John & Susan Merrell
41390 Hwy 226
Scio, OR 97374
503-551-7219 (cell)
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The Shearing Handpiece

Alpaca Shearing begins with the assembly of the hand-piece. For proper operation and to enhance the life of the equipment, and to ensure the safety of both the alpaca and the shearer, the comb and cutters must be properly aligned and tensioned.

Hold the shears with the bottom facing skyward. The comb is slid under the two screws on the nose of the hand-piece, and these screws are tightened only enough to hold the comb in place. (Do not over-tighten these screw at this point in the operation.) Next, position the cutter under the fingers on the top and lightly adjust the tensioning knob on the top of the hand-piece. What we want at this point is for the comb and cutter to be held in position, but still be loose enough to easily adjust. If the screws retaining the comb, or the tensioning knob, are tightened too much this will not be possible.

The next step is to properly position the comb in relationship to the throw of the cutter. Properly positioned, the points of the outside cutter blades will align with the inner edge of the outside tooth of the comb (on both sides of the comb). What we definitely do not want is a cutter that either travels past the outside edge of the comb, or fails to reach the inner edge of the outside tooth. This is the horizontal alignment.

The vertical alignment involves positioning the tips of the cutter in relationship to the tips of the comb. The tips of the cutter should ride just back of the beginning of the ground portion of the comb (1/16-1/8 inch).

Once the proper alignment has been achieved, firmly tighten the screws holding the comb in place. You do not want the alignment of the comb to change once the shearing begins. Also note here, if in the above steps the tension was set too tight, you will run the risk of damaging the comb, cutter or hand-piece when you tighten the comb screws. The entire alignment process must be done with the various adjustment screws tightened as lightly as possible.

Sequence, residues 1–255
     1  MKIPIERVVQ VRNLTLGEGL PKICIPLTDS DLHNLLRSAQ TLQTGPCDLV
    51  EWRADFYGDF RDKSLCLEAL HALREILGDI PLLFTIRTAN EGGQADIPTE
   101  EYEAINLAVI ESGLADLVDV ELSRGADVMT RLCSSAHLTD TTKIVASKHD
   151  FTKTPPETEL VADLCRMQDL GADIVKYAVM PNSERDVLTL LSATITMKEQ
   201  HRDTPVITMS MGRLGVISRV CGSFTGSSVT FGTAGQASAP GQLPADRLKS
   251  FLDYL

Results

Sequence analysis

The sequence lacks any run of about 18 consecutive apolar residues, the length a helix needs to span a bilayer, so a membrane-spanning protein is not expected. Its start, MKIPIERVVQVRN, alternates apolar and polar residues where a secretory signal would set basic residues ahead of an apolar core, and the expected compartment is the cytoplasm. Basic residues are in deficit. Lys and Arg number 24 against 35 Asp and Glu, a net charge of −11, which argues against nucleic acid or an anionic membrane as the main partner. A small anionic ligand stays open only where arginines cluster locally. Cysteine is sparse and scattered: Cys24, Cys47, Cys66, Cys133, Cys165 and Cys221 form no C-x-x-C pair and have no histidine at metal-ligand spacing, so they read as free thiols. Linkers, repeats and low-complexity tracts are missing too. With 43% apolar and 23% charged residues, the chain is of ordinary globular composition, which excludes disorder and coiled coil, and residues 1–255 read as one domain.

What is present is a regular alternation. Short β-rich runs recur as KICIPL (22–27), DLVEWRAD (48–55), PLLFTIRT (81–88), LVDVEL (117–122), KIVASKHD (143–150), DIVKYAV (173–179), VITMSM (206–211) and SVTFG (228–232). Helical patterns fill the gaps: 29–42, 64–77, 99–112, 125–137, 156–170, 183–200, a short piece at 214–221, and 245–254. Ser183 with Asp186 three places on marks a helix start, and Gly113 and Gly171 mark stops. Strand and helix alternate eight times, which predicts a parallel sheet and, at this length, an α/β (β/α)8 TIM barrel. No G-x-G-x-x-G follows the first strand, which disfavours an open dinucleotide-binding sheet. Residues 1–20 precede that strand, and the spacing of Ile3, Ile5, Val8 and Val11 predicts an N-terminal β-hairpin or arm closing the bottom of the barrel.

Now tighten the tension knob. The easiest way to set the tension is to hold the hand-piece by the tension knob so that the body of the hand-piece is horizontal. In this way, the weight of the hand-piece will provide the proper tension. (Don’t shake it or bounce it up and down.) Proper tension is firm, but not tight.

Now thoroughly oil the blades and hand-piece. Do not be afraid of using too much oil. At 3000 strokes per minute, shears create a great deal of friction, heat and wear. When shearing sheep, the lanolin in the fleece helps to lubricate the shears. Alpaca fleece does not contain lanolin. Oil liberally.


We have found 30 weight motor oil to be the best lubricant. Do not use a light weight oil such as “Cool Lube” (TM) or WD-40. Lubrication is the critical factor in maintaining blade sharpness and ensuring the life of the hand-piece, blades and cutters. Excess oil will easily wash out of the fleece. Lack of oil will quickly cost hundreds of dollars in repairs.

What will happen if the above instructions are not followed? If the comb and cutters are not properly aligned, the shearer runs the risk of injury. Cutters that run outside the edges of the comb can easily cut the alpaca, or the shearer. Just imagine that sharp blade being pounded into the pad of your thumb 50 times a second when your hand gets in the way (OUCH!). If the cutters are too far forward on the comb, or if the tension is set too light, fiber will build up between the comb and cutter, causing them to separate, at which point they will not cut. (This is like trying to cut with an old pair of scissors whose blades are bowed - it just causes frustration.) Your alpaca will not enjoy the sensation of fleece being grabbed and pulled 50 times a second, and will probably express its displeasure in a way that you can not ignore.

If the cutters are set too far back, you sacrifice efficiency. The points on a cutter are 1/2 inch or less, so positioning the cutters back just 1/8 inch too far means you have given up at least 25% of your cutting surface.

Too much tension. This is the most common error. This increases the wear on every moving part and friction surface in the shears. Blades will dull in moments. The motor will over heat and begin to bog down. Ignore these early signs and you will soon feel the excess heat in the hand-piece begin to burn your hand. Continue on and the blades will begin changing to beautiful shades of blue and purple from the excessive heat buildup, the alpaca’s fleece will begin to smolder, and copious amounts of smoke will pour from the hand-piece just before the entire machine self destructs. Not good.

If your hand-piece begins to feel hot, the motor sounds like it is laboring, or the fleece is not coming off smoothly, it is time to check your tension. If the tension seems right, oil up. If the problem persists, change the cutter.

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Anna Bowman Dodd
In and Out of Three Normady Inns
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